Senator Cory Booker Slams NCAA as 'Cartel' During Name, Image, Likeness Hearing

Adam Wells@adamwells1985Featured ColumnistJuly 22, 2020

FILE - In this Feb. 11, 2020, file photo, NCAA President Mark Emmert testifies during a Senate Commerce subcommittee hearing on intercollegiate athlete compensation on Capitol Hill in Washington. The Power Five conferences spent $350,000 on lobbying in the first three months of 2020, more than they had previously spent in any full year, as part of a coordinated effort to influence Congress on legislation affecting the ability of college athletes to earn endorsement money. At the hearing in February, NCAA President Mark Emmert said Congress needs to put “guardrails” on athletes' ability to earn money, in part to protect against potential recruiting abuses and endorsement money being used as a pay-for-play scheme. (AP Photo/Susan Walsh)
Susan Walsh/Associated Press

Leaders from the NCAA's Power Five conferences converged on Capitol Hill Wednesday for a hearing with the Senate Judiciary Committee over the proposed Name, Image and Likeness legislation. 

Per Sports Illustrated's Ross Dellenger, Senator Cory Booker said the NCAA is acting like a "cartel" and urged Mark Emmert to "sit down with those of us working on athlete student rights."

Emmert was open to a rule that would allow the opportunity for a student-athlete to transfer to any school one time without being forced to sit out for an entire year. 

The Division I Council did propose a one-time transfer rule in January, but the measure was turned down in May and will have to be proposed again by Nov. 1 to be voted on for the 2021-22 academic year.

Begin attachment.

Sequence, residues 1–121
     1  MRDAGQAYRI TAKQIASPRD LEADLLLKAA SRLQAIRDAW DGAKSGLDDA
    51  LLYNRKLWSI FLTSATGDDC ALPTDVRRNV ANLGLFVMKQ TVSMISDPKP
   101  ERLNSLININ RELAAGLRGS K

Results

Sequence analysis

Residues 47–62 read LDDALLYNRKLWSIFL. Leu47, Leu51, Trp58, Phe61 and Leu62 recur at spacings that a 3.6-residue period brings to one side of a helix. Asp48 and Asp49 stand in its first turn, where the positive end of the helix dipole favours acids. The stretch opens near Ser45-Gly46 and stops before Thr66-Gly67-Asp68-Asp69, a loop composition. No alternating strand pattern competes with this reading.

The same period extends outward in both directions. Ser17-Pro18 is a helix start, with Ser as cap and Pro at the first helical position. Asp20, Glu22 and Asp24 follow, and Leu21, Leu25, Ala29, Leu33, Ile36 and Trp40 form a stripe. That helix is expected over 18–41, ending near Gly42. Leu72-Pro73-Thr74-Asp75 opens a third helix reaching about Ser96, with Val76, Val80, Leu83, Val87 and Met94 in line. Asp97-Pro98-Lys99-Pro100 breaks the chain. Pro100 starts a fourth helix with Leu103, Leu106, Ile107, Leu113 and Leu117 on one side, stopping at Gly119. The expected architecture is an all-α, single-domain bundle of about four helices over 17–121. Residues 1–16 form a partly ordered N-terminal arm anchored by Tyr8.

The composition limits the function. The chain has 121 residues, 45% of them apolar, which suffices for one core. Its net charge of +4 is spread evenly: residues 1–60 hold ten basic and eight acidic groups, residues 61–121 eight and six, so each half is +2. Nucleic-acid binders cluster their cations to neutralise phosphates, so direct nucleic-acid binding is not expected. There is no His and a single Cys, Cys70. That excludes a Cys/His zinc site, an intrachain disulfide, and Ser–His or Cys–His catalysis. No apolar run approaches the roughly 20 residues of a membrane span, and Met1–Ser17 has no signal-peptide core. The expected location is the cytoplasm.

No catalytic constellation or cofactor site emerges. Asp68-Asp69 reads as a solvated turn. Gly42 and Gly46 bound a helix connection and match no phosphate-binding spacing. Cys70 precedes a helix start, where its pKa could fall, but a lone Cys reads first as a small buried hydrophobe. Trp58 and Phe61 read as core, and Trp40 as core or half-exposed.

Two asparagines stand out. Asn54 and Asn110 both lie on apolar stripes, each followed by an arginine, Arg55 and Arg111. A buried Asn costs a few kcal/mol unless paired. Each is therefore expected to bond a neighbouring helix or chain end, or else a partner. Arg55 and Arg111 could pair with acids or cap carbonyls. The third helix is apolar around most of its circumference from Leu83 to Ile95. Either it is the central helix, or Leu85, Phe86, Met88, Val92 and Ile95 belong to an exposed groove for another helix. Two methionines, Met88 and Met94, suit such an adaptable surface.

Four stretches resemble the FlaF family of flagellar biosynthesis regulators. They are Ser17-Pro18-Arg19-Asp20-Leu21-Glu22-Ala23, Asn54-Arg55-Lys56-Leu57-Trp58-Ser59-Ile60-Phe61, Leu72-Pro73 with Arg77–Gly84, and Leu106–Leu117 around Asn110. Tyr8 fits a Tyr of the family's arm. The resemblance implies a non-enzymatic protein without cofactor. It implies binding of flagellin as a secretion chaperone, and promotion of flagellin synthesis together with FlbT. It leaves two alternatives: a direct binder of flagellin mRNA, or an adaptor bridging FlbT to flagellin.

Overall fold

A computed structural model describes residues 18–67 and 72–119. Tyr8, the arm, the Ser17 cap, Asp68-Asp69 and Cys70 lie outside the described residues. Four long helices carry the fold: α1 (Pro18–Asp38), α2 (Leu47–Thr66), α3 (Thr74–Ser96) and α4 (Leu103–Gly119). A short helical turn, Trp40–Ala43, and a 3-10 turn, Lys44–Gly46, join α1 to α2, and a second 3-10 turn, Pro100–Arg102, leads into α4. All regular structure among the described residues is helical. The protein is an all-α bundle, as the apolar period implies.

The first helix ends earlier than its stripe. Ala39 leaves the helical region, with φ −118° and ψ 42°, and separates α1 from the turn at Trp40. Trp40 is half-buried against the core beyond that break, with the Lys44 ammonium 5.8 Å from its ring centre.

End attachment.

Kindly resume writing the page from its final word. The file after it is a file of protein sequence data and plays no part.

Senator Lindsey Graham, who presided over the hearing, said if programs use NIL as a recruiting tool it will "unleash holy hell on young college athletes."

Graham added that he doesn't want to get into a situation where schools "have a bidding war for recruits." The South Carolina senator also asked a Congressional working group to develop a package prepared by Sept. 15 that will address basic rights for student-athletes. 

Booker said the notion that paying student-athletes represents any more of a competitive advantage than coach salaries and upgrades to facilities is "plainly hypocritical."

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Dellenger wrote last week that the proposed legislation being presented by the NCAA, called the Student-Athlete Equity Act of 2020, offers a "window into the NCAA's thinking on a uniform set of athlete compensation guidelines."

Notable aspects of the proposal included delaying NIL deals until a student-athlete's second semester at school and would allow colleges to stop athletes from entering into NIL agreements that are deemed to "violate university standards or that conflict with institutional sponsorship agreements."

In the aftermath of numerous states across the country, including California and New York, signing into law or strongly considering NIL legislation that would allow student-athletes to earn money off their likeness, the NCAA asked Congress to get involved to help develop a uniform policy. 

"Having in the end 50 different state laws is a challenge to anything that's trying to be operated at a national level around the country," Emmert told reporters in December. "So having this discussion be elevated at the congressional level is very, very good and certainly welcome from my point of view."

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